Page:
Then, once the pup has it figured out, we start making the papered area smaller. Usually by the time they're 16 weeks or so, they'll be pretty reliably house trained, with possibly an occasional accident when they "misjudge" when they needed to ask to go out.

    Oh, and if you're not, start using the same words... I use "do you need to go out?" (although "go out" is probably all they are responding to)

    Dixie will "nudge" me when I'm on the computer... some of the time she's just saying "ok, you've been on there long enough! Pet me or come play with me!"... but some of the time, she's asking "let me out". When I ask "do you want to go out?" If she does, she immediately walks to the kitchen door. If she doesn't, her head stays firmly planted in my lap!

    But of course, "go out" also means "you're going to go out now" when I want the dogs out of the house. You might be surprised at how many words even an average Border Collie can learn! Red knows "take them to the kennel"... by the time her pups are walking, she'll lead them all to the kennel every morning on command. It's pretty darned cute... a whole wobbly puppy parade following her.

    Now, she doesn't always WANT to go into the kennel, but she knows what it means, and she DOES go in even when she's reluctant. (of course, she gives us "the look" first!! You know, the one that says "you are SO mean!"? LOL!)

    Summerthyme

  5. #25
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    Quote Originally Posted by Summerthyme View Post
    Stubborn

    Headstrong and willful

    Sitting in high places, looking down on everything

    Barking or whining at humans which many owners consider "talking" (without a command to do so).
    You have to know your breed. These characteristics listed in the OP as undesirable describe the behavior of a good Livestock Guardian Dog. Here's an article about LGDs:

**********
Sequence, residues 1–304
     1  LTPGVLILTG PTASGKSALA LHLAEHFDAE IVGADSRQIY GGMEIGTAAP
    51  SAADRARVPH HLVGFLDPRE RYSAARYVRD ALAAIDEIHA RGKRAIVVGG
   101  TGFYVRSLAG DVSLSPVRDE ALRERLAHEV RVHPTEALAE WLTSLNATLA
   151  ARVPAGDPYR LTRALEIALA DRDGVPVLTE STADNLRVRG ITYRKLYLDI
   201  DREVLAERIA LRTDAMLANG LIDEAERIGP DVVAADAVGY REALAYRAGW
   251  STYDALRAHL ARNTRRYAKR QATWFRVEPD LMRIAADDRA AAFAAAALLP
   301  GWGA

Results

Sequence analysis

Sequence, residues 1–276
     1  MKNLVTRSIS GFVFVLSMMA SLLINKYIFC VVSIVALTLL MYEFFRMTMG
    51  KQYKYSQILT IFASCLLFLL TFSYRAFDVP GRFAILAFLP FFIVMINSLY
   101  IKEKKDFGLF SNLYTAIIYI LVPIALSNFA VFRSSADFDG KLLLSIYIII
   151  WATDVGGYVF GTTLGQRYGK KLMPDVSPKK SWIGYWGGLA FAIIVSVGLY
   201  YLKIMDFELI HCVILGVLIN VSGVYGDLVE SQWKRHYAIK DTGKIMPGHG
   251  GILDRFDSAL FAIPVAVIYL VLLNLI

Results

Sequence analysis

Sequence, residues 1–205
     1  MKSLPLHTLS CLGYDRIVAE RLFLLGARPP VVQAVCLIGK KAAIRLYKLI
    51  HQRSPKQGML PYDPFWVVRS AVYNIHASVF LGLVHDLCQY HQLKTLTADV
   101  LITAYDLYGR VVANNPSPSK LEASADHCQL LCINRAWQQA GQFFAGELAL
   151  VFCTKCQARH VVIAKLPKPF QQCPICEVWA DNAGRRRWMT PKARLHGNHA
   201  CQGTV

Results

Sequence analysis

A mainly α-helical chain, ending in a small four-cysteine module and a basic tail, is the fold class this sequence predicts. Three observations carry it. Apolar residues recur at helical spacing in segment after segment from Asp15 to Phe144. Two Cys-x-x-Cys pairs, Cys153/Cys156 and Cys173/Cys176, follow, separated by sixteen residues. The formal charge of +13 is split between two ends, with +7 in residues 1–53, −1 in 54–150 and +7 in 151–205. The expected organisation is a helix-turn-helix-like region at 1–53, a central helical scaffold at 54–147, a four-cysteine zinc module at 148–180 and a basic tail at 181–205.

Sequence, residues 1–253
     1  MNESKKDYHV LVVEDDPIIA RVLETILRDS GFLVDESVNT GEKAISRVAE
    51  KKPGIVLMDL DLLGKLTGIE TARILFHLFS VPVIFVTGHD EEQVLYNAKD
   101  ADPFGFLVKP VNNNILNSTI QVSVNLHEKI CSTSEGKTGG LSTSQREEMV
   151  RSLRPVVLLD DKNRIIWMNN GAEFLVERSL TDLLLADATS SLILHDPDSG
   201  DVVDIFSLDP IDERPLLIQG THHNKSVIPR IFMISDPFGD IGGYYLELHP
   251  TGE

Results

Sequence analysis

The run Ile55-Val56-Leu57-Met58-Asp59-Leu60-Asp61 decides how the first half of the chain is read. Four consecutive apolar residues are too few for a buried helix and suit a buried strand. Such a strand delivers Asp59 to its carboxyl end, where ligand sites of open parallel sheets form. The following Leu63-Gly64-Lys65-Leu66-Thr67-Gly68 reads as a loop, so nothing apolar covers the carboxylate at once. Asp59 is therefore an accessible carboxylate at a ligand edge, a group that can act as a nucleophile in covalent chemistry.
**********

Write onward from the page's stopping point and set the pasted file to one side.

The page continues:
http://americanpreppersnetwork.com/2...and-flock.html
    IF you are willing & obedient , you shall eat the good of the land: But if you refuse & rebel, You shall be devoured with the sword: for the mouth of the LORD hath spoken it. Isaiah 1:19, 20

  6. #26
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    I have not used papers.
    She thinks they're quite fun to rip into little pieces
    Plato once said, “Wise men speak because they have something to say. Fools, because they have to say something.”

    "Fere libenter homines id quod volunt credunt." "Men willingly believe what they wish to believe."
    Julius Caesar

  7. #27
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    Ah... yes, that can be a problem. You might want to find some "puppy pee pads" and use them... and get after her if she starts tearing them up. (ok, by "get after", I mean "scold firmly, and distract with a toy to chew on instead")

    They really *can't* "hold it" for long at her age, and it will prevent her from trying to "hide" it from you, because she clearly already knows she's not supposed to poop or pee on the floor!

    Summerthyme

  8. #28
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    Summer, what can I do about an uncut male dog who has a problem with submissive urination? If you go to pet him, he'll pee all over your feet.

  9. #29
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    Miradus... how old is he? Did you have him from a pup, or adopt him as an older dog?

    I've seen dogs like this, but haven't ever had one.. we did have an Aussie/BC cross once who could have turned into a "fear biter" because she was extremely timid, but at least she didn't start dribbling if you looked at her wrong, or paid attention to her!

    Are there any times he doesn't do it? Or times it always happens?

    Summerthyme

  10. #30
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    I think Molly is dyslexic or left-handed.
    Or maybe she is like Bizarro, Superman's villain

    She seems to enjoy doing things the opposite way.
    We tried to get her to help us put the chickens away at night.
    But, she would scatter the flock so they ran away from the pen.

    As far as housebreaking...
    We take her out and she finds enough amusement and distractions that she doesn't go.
    When we come back in, within minutes sometimes, she tinkles and gives us doggie dumplings on the floor.

    Of course, I remember my son was hard to housebreak too.
    he finally got measles or chicken pox and we took the diaper off and left only a tee shirt and made sure he knew not to go anywhere but the potty.
    That worked.
    Do you think if I put a tee shirt on Molly I'd get the same result?
    Plato once said, “Wise men speak because they have something to say. Fools, because they have to say something.”

    "Fere libenter homines id quod volunt credunt." "Men willingly believe what they wish to believe."
    Julius Caesar